There are few things I like better than a fishing styled road trip. Great fun but also a necessity if you live in one of England's more obscure corners. These missions tend to begin with a list of postcodes and a lot of random supplies. I don't so much try for two birds with one stone, but aim at half the flock.
First priority on my list this time was to track down Garrett Fallon, the plucky Irish writer and creative brains behind the exciting new quarterly title Fallon's Angler (which has a great new site where you can get a preview and order: fallonsangler.net).
What is the best part of being involved in books and publications? I think opening a box of newly produced material, with that wonderful smell of fresh print, has to be close to the top. You don't get that from an e-zine. Issue one looks fantastic. But even more importantly, it's a bloody treat to read the stories (you remember, those old fashioned things called "words" that sometimes distract you from the adverts and pictures of blokes with fish?).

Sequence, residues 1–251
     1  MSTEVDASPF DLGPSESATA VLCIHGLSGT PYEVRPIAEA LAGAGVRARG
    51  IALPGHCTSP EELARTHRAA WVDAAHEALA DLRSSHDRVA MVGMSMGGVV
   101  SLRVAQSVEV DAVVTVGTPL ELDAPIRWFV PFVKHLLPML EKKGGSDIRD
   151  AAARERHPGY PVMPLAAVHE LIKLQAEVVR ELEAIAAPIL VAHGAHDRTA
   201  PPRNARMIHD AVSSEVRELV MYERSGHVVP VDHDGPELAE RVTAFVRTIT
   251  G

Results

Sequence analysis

A day on Walthamstow Reservoirs seemed the perfect way to celebrate the launch and we had pike in mind. A roving session took us all around the upper complex of Higher and Lower Maynard at first. We chopped and changed swims, lures and flies, having a good walk and comparing notes. The place looked so pikey that even without early bites, there was a keen anticipation in searching around cover and imagining what might suddenly dash out at any given second.
Also in fine condition was the Coppermill Stream (above). It looked clear, beautiful and for much of the way devoid of any living thing. That said, we did spot some thick-shouldered carp and one hulking great barbel. Like two skint shoppers, I think we agreed that there is a certain pleasure in admiring the goods through a window, even if you don't have the hard currency to make any purchase.